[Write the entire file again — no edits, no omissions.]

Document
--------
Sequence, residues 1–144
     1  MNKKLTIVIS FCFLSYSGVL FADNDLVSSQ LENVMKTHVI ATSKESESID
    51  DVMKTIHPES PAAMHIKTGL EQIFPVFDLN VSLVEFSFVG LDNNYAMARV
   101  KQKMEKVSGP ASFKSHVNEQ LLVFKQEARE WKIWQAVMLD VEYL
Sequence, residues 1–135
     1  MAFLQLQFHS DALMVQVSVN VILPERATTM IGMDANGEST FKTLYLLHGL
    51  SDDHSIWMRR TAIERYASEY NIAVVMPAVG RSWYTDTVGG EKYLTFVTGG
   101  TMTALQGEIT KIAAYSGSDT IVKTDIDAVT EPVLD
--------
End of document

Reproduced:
Sequence, residues 1–144
     1  MNKKLTIVIS FCFLSYSGVL FADNDLVSSQ LENVMKTHVI ATSKESESID
    51  DVMKTIHPES PAAMHIKTGL EQIFPVFDLN VSLVEFSFVG LDNNYAMARV
   101  KQKMEKVSGP ASFKSHVNEQ LLVFKQEARE WKIWQAVMLD VEYL
Sequence, residues 1–135
     1  MAFLQLQFHS DALMVQVSVN VILPERATTM IGMDANGEST FKTLYLLHGL
    51  SDDHSIWMRR TAIERYASEY NIAVVMPAVG RSWYTDTVGG EKYLTFVTGG
   101  TMTALQGEIT KIAAYSGSDT IVKTDIDAVT EPVLD